Our Little Roses’ invites you to participate in a very special series of reflections during this special season. For the last eight months, we have had a special guest in San Pedro Sula; Lizzie Robbins, a student at Berkeley at Yale Divinity School, has been living with the girls at Our Little Roses as part of her journey to become an Episcopal Priest. Lizzie has spent her time in Honduras teaching at Holy Family Bilingual School and working alongside The Rev. Gustavo Galeano, our Chaplain. She has become a part of the Our Little Roses family and a role model to our girls. On February 2nd, Lizzie, or the Rev. Mary Elizabeth Robbins, was ordained to the Sacred Order of Priests by Rt. Rev. Leopold Frade, on behalf of the Rt. Rev. C. Andrew Doyle in our chapel with all of the girls in attendance. During this Lenten season, Lizzie will share reflections through this unique lens. On Ash Wednesday, the journey begins with a video reflection. For the remaining Sundays of Lent, she’ll share a written reflection. The journey will culminate with a final video reflection on Easter Sunday. We hope you’ll join us.
How Long Does Lent Last?
The Lenten season is six weeks long in the Christian liturgical year. Lent begins on Ash Wednesday, which falls on a different day each year, but looking at the calendar, Ash Wednesday will always fall on the seventh week before Easter.
Working backward, the day Easter falls each year is related to something known as the paschal full moon. This refers to the ecclesiastical full moon that takes place any day after March twenty-first, the Spring Equinox, a process that can start to sound very confusing. Just know that the date of Easter each year is determined by referencing the lunar calendar.
The cyclical movements of the moon dictate the exact date, but essentially, Easter is always on the Sunday that follows the full moon of Passover.
The Holy Days of Lent
The entire Lenten Season is important and significant, but certain days are more symbolic than others. Those days include:
Palm Sunday is a Christian holiday that marks the beginning of Holy Week, the final week of the Lenten season. It commemorates the triumphant entry of Jesus into Jerusalem, as described in the New Testament of the Bible.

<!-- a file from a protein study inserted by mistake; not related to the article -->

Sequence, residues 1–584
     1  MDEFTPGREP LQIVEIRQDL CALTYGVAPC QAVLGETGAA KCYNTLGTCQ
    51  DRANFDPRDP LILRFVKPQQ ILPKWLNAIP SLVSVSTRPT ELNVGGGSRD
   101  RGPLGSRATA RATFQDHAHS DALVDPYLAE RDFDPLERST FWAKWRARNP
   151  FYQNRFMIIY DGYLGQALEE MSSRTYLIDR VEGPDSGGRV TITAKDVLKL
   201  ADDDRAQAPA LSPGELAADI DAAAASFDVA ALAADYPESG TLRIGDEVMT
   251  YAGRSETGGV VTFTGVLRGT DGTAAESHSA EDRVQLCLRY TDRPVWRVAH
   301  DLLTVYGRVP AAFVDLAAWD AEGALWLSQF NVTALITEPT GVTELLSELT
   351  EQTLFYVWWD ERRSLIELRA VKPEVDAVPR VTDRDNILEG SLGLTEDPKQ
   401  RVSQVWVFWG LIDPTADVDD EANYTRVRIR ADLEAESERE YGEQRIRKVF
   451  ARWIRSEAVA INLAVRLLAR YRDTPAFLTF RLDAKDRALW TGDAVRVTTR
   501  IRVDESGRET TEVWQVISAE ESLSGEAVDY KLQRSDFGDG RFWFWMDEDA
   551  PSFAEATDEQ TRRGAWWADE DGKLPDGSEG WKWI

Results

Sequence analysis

According to the Gospel of Matthew, Jesus rode into Jerusalem on a donkey while the crowds cheered, shouting “Hosanna!” and spreading palm branches on the road in front of him. This event is considered significant because it marked the start of the final week of Jesus’s life before his crucifixion and resurrection.
In the early Christian church, Palm Sunday was celebrated with the blessing of palm branches and a procession through the streets, which served as a reminder of Jesus’s entry into Jerusalem. Over time, the celebration of Palm Sunday became more elaborate. Today, it is observed in many countries worldwide with special services, processions, and the distribution of blessed palm branches. The historical significance of Palm Sunday lies in its representation of Jesus’s arrival as a king, which challenged the authority of the Roman government and the Jewish religious leaders of the time. Jesus’s entry into Jerusalem on a donkey, symbolizing peace, also contrasts with the military conquests of other leaders and represents his message of love and nonviolence.
Palm Sunday is the very first day of Holy Week, one week before Easter Sunday. Our Little Roses begin Holy Week at the home with the blessing of the palms on Palm Sunday, followed by processions outside and a service.
On Sunday afternoon, everyone hops on our bus to head for the mountains to the Schilling-Weeks Retreat and Training Center for three days of fun, relaxation, swimming, hiking, and just kicking back with a good book or a movie.
Holy Thursday is significant because it commemorates the Last Supper, the final dinner Jesus shared with his disciples. It is also the beginning of the Triduum, which includes Holy Thursday, Good Friday, and Holy Saturday.
During The Last Supper, Jesus washed the feet of his disciples, a symbol of humility and servant leadership, and instituted the sacrament of the Eucharist. He also predicted that one of his disciples would betray him and all of them would abandon him. Holy Thursday is observed in many different ways by Christians around the world, but it often involves special church services and the celebration of the Eucharist. Some churches reenact the washing of the feet ceremony as a reminder of Jesus’s teachings of humility and service to others. In some countries, particularly in the Catholic tradition, it is customary to hold an all-night vigil called the “Eucharist of the Lord’s Supper,” in which the faithful gather to pray and reflect on the events of Holy Thursday.
The atmosphere at Our Little Roses changes on Holy Thursday when the girls and staff participate in the washing of the feet during the Eucharist, which is followed by an elaborate Agape meal. Jesus was of the Jewish faith, and this was the Passover meal; many Christian communities mark this with what is called a “Seder” meal, and it is the meal that is remembered when Christian communities share the Eucharist at Our Little Roses; this meal is served after the foot washing ceremony. The girls also share notes of love and friendship that show Christ-like love and solidarity with each other and with the staff.